In June, Google revealed that Chrome will stop showing all ads (including those owned or served by Google) on websites that display non-compliant ads “starting in early 2018.” Now the company has committed to a date: Chrome’s built-in ad-blocker will start working on February 15, 2018.
Interestingly, this date does not appear to be tied to a specific Chrome version. Chrome 64 is currently scheduled to arrive on January 23 and Chrome 65 is slated to launch on March 6, suggesting Google will be turning on its browser’s ad blocker remotely, and possibly gradually for select users.
Google this year joined the Coalition for Better Ads, a group that offers specific standards for how the industry should improve ads for consumers — full-page ad interstitials, ads that unexpectedly play sound, and flashing ads are all banned. Yesterday, the coalition announced the Better Ads Experience Program, which provides guidelines for companies using the Better Ads Standards to improve users’ experience with online ads.
In addition to the date, Google today also shared how sites affected by Chrome’s ad-blocker will be able to get back into the browser’s good graces:
Violations of the Standards are reported to sites via the Ad Experience Report, and site owners can submit their site for re-review once the violations have been fixed. Starting on February 15, in line with the Coalition’s guidelines, Chrome will remove all ads from sites that have a “failing” status in the Ad Experience Report for more than 30 days. All of this information can be found in the Ad Experience Report Help Center, and our product forums are available to help address any questions or feedback.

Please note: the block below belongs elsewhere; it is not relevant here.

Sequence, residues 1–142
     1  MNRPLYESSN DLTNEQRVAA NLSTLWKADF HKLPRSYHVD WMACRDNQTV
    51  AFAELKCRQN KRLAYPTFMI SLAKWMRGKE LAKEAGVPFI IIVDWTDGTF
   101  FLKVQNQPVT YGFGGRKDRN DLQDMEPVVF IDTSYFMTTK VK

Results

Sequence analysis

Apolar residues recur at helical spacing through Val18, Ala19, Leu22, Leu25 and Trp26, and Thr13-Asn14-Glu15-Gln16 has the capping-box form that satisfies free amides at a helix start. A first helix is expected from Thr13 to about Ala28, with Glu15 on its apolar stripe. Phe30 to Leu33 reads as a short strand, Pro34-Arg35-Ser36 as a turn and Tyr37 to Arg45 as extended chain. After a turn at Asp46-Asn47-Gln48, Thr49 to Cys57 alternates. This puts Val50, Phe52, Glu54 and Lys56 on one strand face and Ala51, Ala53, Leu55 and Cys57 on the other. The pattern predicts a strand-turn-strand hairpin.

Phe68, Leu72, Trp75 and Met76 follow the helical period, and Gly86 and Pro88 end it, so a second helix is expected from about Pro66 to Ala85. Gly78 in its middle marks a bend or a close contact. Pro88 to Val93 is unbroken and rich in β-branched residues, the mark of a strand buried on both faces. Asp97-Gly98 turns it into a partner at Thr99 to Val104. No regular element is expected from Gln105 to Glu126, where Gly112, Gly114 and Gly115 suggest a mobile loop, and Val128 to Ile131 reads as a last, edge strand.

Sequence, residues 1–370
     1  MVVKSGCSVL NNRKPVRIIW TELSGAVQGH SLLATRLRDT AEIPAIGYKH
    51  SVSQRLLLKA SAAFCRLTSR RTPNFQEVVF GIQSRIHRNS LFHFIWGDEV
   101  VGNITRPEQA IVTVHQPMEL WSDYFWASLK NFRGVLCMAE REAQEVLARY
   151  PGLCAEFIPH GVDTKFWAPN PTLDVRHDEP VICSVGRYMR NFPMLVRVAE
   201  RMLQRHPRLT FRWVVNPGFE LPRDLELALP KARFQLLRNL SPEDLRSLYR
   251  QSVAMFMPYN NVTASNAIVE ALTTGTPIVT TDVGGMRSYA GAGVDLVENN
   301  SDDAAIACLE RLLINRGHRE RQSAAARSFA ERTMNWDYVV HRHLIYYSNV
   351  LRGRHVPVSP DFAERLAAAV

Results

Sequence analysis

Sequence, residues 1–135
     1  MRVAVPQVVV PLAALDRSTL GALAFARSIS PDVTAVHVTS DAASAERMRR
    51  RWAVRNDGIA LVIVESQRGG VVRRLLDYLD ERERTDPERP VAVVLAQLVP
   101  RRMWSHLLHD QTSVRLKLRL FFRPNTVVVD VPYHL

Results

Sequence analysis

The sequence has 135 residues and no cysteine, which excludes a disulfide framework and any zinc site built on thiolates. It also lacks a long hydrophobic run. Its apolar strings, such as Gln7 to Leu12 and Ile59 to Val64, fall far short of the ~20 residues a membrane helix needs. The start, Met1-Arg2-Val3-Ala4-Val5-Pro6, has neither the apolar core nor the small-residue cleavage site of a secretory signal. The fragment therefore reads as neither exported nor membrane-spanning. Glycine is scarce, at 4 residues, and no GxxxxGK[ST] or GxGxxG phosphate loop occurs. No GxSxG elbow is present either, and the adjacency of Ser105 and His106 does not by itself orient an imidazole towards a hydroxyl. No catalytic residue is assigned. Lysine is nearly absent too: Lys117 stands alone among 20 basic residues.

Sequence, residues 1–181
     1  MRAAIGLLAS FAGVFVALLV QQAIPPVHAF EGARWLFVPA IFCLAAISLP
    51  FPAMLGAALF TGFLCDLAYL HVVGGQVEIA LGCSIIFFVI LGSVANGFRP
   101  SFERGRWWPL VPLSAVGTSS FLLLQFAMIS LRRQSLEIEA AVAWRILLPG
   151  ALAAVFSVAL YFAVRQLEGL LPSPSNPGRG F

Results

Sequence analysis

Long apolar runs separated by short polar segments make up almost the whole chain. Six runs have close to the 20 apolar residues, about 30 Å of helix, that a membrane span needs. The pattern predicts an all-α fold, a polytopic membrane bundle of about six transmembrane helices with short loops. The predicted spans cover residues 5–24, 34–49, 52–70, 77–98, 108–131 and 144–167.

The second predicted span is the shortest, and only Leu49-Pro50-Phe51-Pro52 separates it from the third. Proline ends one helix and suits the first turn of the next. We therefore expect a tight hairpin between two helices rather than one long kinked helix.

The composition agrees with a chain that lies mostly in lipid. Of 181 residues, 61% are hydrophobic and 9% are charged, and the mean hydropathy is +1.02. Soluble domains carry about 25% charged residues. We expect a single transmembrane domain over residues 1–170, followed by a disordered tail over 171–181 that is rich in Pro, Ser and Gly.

The Ad Experience Report tool provides screenshots and videos of annoying ad experiences to help sites find and fix issues. For a full list of ads to use instead, Google offers a best practices guide.
Google’s strategy is simple: Use Chrome to cut off ad revenue from websites that serve low-quality ads, as determined by the aforementioned standards. The browser’s ad blocker will be taking an all-or-nothing approach: All ads blocked if one ad doesn’t follow the standards — all ads allowed as long as all the ads follow the standards.
The hope is that Chrome’s built-in ad blocker will stymie the usage of other third-party ad blockers that block all ads outright. Google has noted in the past that ad blockers which do not discriminate hurt publishers that create free content (like VentureBeat) and threaten “the sustainability of the web ecosystem.” Despite the fact that Google makes the vast majority of its revenue from ads, the company sees its selective ad blocker as the natural evolution of pop-up blockers.